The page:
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  1. The Bartram Trail follows the approximate route of 18th-century naturalist William Bartram’s southern journey from March 1773 to January 1777. Bartram explored much of the territory which is now the states of North and South Carolina, Georgia, Florida, Alabama, Mississippi, Louisiana and Tennessee.

  2. James Earle Fraser (November 4, 1876 – October 11, 1953) was an American sculptor during the first half of the 20th century. His work is integral to many of Washington, D.C.'s most iconic structures.

  3. Worcester v. Georgia, 31 U.S. (6 Pet.) 515 (1832), was a landmark case in which the United States Supreme Court vacated the conviction of Samuel Worcester and held that the Georgia criminal statute that prohibited non-Native Americans from being present on Native American lands without a license from the state was unconstitutional.

  4. Wild: From Lost to Found on the Pacific Crest Trail is the 2012 memoir by the American writer, author, and podcaster Cheryl Strayed. The memoir describes Strayed's 1,100-mile hike on the Pacific Crest Trail in 1995 as a journey of self-discovery .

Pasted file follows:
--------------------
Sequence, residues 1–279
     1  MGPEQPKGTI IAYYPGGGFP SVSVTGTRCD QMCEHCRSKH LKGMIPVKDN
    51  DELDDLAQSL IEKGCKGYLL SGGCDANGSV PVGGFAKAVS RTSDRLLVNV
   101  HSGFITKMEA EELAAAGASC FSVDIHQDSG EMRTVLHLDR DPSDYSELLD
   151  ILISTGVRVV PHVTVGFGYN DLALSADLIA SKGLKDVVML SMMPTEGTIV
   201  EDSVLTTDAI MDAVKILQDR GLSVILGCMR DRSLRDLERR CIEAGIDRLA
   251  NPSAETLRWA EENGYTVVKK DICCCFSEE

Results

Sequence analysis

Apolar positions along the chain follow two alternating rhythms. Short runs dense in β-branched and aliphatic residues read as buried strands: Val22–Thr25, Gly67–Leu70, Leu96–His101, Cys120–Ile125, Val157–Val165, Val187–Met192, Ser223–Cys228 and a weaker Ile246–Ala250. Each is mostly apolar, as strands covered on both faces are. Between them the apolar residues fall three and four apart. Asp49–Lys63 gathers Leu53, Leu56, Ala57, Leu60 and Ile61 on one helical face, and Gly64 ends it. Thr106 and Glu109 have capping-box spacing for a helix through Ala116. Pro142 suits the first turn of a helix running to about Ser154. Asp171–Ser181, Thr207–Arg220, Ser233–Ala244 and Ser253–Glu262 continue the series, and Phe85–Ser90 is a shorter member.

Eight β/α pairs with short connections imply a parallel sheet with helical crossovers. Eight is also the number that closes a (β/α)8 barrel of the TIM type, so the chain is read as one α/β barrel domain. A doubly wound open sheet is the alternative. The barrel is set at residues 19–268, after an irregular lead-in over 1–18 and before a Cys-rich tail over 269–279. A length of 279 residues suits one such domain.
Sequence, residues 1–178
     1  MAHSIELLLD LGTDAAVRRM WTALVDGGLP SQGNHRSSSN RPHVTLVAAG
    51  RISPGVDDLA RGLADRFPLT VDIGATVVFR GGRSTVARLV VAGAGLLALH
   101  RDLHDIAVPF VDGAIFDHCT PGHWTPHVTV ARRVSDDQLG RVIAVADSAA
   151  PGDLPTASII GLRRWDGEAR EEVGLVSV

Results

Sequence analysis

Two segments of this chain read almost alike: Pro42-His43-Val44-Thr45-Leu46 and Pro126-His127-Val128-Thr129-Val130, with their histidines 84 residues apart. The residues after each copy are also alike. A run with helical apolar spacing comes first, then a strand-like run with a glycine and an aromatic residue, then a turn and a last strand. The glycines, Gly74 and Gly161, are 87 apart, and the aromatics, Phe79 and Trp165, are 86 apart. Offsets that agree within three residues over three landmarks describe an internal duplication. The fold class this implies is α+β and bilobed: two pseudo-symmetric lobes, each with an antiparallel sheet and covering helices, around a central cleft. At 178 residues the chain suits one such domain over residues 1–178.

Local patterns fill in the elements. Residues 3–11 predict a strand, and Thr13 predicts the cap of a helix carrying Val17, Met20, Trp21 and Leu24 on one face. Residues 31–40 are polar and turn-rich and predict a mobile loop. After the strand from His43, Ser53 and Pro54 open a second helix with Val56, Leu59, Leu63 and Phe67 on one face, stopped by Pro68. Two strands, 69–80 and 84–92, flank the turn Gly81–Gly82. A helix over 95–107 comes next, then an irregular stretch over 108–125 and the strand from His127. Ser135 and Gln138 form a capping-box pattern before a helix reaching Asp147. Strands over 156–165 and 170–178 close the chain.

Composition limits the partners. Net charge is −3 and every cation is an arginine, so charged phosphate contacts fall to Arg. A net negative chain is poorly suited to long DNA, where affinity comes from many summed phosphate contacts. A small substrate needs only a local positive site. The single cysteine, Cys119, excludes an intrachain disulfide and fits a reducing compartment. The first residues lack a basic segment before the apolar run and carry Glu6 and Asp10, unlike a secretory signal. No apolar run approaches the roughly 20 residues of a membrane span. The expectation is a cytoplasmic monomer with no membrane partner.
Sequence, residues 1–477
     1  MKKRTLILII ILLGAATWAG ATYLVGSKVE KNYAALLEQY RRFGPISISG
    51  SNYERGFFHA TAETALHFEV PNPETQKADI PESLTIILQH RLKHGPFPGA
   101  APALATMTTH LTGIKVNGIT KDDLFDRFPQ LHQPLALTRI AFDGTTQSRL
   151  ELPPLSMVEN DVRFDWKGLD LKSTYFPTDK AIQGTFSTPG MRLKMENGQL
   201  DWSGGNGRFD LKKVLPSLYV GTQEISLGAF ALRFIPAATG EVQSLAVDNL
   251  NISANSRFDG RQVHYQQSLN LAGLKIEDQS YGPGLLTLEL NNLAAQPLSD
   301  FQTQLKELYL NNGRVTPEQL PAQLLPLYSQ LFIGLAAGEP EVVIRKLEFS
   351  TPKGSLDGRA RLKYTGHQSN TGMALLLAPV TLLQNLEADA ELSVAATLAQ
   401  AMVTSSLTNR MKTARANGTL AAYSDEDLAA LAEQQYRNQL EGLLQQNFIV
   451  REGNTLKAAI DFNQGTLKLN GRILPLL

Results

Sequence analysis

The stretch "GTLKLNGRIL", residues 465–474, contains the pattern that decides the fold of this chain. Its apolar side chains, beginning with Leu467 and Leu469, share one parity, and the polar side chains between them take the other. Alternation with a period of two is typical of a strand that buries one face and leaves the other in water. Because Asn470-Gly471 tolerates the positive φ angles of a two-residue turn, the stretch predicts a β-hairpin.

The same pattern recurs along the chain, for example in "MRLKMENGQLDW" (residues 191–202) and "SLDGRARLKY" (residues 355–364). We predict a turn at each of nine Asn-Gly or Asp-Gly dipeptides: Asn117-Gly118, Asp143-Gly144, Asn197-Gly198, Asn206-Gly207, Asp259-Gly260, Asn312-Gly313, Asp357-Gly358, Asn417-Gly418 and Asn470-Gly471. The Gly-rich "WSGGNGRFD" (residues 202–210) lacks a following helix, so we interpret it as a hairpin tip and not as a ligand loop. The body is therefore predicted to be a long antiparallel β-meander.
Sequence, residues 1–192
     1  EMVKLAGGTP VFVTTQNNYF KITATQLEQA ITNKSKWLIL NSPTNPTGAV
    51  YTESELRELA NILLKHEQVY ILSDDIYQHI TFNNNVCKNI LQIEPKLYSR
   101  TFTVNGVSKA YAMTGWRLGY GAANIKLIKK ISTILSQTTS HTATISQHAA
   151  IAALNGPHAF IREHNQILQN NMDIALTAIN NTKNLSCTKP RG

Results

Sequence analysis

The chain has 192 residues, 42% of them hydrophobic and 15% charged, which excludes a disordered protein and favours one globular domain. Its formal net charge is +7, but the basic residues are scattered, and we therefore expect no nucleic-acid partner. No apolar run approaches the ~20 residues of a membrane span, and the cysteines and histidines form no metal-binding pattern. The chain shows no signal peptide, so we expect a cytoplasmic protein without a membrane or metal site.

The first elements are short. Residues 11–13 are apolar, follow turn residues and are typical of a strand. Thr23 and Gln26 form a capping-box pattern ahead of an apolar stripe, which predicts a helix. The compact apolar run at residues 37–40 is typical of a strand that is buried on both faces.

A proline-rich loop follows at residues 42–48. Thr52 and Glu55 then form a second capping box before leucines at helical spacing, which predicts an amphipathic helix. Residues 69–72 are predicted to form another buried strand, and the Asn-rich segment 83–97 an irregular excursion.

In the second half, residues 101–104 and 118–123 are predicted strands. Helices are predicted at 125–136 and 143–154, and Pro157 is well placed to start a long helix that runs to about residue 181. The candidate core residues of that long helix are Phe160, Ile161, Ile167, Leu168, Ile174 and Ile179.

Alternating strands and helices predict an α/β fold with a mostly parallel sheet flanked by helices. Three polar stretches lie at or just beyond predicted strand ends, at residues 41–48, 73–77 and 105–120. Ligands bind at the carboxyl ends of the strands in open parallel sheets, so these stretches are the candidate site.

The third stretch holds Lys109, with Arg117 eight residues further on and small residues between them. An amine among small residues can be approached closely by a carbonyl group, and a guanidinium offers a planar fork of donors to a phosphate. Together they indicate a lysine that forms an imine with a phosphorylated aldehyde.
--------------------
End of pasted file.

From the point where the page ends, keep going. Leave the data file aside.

5. Some 20,000 people were relocated against their will during the Cherokee removal, part of the Trail of Tears. Notably, Ralph Waldo Emerson, who would go on to become America's foremost man of letters, wrote Van Buren a letter protesting his treatment of the Cherokee.

  6. The Triple Crown of Hiking informally refers to the three major U.S. long-distance hiking trails: . Appalachian Trail – 2,194 miles (3,531 km), between Springer Mountain in Georgia and Mount Katahdin in Maine and traversing North Carolina, Tennessee, Virginia, West Virginia, Maryland, Pennsylvania, New Jersey, New York, Connecticut, Massachusetts, Vermont, and New Hampshire.

  7. The Ozark Trail was a network of locally maintained roads and highways organized by the Ozark Trails Association that predated the United States federal highway system. The roads ran from St. Louis , Missouri , to El Paso , Texas , and Santa Fe , New Mexico , over a series of routes. [1]